I know Senator Gallacher is concerned about apprentices and technical trades training; he raised that in the course of his contribution. In that respect I make three points. First, the government's economic response to the coronavirus did include a $1.3 billion package of measures supporting apprentices and trainees. I think that was a very commendable package to make sure those apprentices could stay employed by their employers. Second, the government has recently announced a $585 million skills package entitled 'Delivering Skills for Today and Tomorrow', investing in supporting Australians to gain the skills they need. Third, the government's HomeBuilder scheme, which Senator Gallacher criticised in a somewhat less-than-collegiate manner earlier in the week, has been welcomed by the construction industry in my home state of Queensland. The chief executive officer of Master Builders Queensland said, 'Industry's calls for assistance have definitely been answered.' The CEO of Coral Homes, which employs hundreds of people on the Gold Coast and the Sunshine Coast, said:
This will definitely make a difference to the building industry, our supply chain and all the local contractors we employ.
In my home state of Queensland, when you put that $25,000 grant for a new home together with the Queensland state government's $15,000 First Home Owners Grant, first home buyers have a $40,000 sum, under a home and land package, for constructing their first home. That's a very, very positive thing.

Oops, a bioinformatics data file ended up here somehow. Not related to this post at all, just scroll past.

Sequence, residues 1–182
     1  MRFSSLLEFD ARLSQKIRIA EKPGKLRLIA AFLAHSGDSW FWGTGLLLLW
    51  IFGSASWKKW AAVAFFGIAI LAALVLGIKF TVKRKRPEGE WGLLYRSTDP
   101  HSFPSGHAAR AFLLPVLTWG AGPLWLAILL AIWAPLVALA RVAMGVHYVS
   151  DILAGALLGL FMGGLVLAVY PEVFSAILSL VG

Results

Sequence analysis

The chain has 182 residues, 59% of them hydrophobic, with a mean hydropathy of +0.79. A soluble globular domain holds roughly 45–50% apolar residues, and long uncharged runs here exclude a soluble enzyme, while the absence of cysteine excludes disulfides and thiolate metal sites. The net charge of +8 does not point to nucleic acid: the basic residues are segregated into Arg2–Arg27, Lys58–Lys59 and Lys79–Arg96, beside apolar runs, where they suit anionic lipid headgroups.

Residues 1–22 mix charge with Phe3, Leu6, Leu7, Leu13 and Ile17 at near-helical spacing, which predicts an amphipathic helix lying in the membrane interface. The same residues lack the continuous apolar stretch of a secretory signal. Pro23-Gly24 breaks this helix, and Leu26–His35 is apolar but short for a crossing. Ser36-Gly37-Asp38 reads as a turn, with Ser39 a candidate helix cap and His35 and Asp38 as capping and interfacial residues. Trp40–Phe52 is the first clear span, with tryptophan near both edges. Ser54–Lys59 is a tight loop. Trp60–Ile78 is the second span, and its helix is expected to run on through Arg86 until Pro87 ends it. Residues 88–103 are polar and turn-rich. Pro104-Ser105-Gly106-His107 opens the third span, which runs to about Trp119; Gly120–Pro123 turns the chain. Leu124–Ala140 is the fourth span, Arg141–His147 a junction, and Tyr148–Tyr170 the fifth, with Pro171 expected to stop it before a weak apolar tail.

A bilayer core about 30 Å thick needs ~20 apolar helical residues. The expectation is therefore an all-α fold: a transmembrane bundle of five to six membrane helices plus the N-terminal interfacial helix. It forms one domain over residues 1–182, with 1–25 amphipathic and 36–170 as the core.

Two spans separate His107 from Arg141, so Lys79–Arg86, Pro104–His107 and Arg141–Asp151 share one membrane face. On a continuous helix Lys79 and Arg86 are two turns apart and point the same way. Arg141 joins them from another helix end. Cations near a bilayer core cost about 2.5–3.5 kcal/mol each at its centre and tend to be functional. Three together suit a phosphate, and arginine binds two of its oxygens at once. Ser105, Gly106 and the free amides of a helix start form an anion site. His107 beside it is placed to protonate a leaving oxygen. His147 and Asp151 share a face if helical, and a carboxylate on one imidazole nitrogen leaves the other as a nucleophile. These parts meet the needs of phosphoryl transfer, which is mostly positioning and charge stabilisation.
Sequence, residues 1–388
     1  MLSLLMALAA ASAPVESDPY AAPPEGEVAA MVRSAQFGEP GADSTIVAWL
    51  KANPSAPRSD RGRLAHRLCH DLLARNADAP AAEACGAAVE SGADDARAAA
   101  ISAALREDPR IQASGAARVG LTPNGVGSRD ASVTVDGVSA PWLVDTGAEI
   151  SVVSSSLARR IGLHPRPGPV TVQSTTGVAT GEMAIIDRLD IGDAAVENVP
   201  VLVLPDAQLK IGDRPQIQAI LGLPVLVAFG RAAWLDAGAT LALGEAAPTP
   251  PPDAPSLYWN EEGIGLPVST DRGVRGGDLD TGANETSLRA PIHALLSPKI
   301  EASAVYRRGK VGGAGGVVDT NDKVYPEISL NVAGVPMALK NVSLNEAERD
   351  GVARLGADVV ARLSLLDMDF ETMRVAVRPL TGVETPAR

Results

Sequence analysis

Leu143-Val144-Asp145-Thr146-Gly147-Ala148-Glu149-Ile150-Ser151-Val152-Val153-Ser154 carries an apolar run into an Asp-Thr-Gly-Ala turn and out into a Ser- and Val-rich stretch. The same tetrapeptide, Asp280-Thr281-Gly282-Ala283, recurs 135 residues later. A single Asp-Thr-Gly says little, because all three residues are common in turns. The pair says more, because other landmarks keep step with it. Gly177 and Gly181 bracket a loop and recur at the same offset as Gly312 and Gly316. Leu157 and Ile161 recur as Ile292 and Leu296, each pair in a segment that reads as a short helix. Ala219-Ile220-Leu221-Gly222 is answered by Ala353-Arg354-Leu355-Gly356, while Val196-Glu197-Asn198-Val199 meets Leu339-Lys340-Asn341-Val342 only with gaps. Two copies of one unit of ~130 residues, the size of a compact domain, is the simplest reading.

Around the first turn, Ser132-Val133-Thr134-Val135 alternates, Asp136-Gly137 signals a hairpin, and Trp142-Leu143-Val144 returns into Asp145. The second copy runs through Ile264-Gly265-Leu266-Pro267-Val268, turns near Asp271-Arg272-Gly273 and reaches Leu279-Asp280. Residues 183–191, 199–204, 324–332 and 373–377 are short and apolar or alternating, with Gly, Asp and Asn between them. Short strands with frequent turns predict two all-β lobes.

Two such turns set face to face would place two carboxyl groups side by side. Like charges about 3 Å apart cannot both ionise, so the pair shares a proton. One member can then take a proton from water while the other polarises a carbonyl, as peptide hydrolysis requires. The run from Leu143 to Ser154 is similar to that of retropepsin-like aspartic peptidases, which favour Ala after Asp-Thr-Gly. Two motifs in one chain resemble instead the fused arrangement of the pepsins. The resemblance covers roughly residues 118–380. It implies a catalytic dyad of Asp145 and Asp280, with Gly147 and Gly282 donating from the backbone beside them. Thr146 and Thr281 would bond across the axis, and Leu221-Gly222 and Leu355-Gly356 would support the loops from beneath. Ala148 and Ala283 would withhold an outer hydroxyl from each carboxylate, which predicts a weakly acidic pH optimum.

There's only so much that the federal government can do. Unfortunately, I'm sorry to say, in my home state of Queensland it's hard to be collegiate when I look at the Queensland state Labor government. Unlike Senator Gallacher, it doesn't appeal to the better angels of my character. Indeed, it has been a source of continuing frustration. At the moment, the Palaszczuk Labor government is a millstone around the neck of Queensland as it tries to recover from the coronavirus pandemic. It needs to take heed of Senator Gallacher's words about pragmatism and do three things: (1) build dams, (2) approve projects and (3) open the state border. I call upon the Palaszczuk Labor government to do that last one today.